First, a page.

Why the WHO finally declared monkeypox a global public health emergency
https://www.vox.com/science-and-health/ ... tion-pheic
On Saturday, July 23, World Health Organization Director General Tedros Adhanom Ghebreyesus declared the spread of monkeypox to be a public health emergency of international concern (PHEIC), the organization’s loudest alarm bell signifying an emerging outbreak.
Do you think it's curious that Tedros' hand does not match the colour or tone of his face? Well, I can tell you what we're looking at is a face full of badly oxidised makeup. It always goes orange, though terracotta on him apparently. - "You’ve probably been there: flawless foundation in the AM and the oh-so-dreaded I-can’t-believe-I’ve-been-walking-around-like-this glimpse in the mirror come afternoon. Honestly, how does makeup go from looking stunning and airbrushed to looking, well, straight-up orange?" - But why is Tedros wearing a face full of makeup, and what is the actual colour of his skin underneath it?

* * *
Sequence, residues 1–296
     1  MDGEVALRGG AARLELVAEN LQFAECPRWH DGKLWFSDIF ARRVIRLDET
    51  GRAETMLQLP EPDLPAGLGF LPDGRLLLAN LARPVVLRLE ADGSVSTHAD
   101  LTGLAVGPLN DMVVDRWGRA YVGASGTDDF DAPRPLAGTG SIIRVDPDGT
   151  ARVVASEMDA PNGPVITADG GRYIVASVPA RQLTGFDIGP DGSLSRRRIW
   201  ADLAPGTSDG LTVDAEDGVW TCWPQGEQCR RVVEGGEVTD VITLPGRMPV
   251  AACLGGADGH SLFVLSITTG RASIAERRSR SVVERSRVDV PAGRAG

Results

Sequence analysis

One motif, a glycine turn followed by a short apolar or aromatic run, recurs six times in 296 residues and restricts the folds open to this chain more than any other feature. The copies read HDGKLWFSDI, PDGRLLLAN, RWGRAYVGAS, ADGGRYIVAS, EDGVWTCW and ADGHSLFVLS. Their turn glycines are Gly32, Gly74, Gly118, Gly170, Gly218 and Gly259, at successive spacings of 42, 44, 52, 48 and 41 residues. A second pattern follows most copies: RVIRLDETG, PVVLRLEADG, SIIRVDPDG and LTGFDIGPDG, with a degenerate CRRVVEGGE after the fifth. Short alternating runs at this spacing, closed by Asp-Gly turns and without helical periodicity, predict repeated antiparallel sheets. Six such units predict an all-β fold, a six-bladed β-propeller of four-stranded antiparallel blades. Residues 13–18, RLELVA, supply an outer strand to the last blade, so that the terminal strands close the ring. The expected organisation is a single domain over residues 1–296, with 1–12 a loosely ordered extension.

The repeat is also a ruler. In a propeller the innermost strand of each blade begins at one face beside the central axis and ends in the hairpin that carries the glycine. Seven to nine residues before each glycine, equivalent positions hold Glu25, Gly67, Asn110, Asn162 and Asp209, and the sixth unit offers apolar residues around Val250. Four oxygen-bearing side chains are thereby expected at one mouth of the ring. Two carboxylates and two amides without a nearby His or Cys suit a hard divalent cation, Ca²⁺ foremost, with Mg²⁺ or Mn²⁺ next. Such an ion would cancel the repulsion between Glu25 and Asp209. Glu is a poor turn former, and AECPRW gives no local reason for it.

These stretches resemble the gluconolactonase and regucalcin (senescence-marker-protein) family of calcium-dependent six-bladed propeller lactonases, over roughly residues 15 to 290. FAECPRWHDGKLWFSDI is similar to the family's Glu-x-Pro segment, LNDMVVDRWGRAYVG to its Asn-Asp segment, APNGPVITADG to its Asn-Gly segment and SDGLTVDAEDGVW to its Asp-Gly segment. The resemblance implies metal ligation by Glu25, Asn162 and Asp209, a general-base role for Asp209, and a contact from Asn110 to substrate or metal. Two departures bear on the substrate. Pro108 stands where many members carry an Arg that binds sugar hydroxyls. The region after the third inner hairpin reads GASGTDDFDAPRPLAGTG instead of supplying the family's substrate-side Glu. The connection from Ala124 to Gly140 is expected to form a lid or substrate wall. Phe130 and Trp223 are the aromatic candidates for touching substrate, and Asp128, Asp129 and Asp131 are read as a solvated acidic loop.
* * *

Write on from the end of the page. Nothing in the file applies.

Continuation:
Would you trust this guy with anything personal to you? Because he's set to be the new health dictator of the world telling you what you must inject into your body. Here's a section of the article about proposed changes to the regulations:
Amendments to WHO’s International Health Regulations: An Annotated Guide
https://brownstone.org/articles/amendme ... ted-guide/
Major amendments proposed for the IHR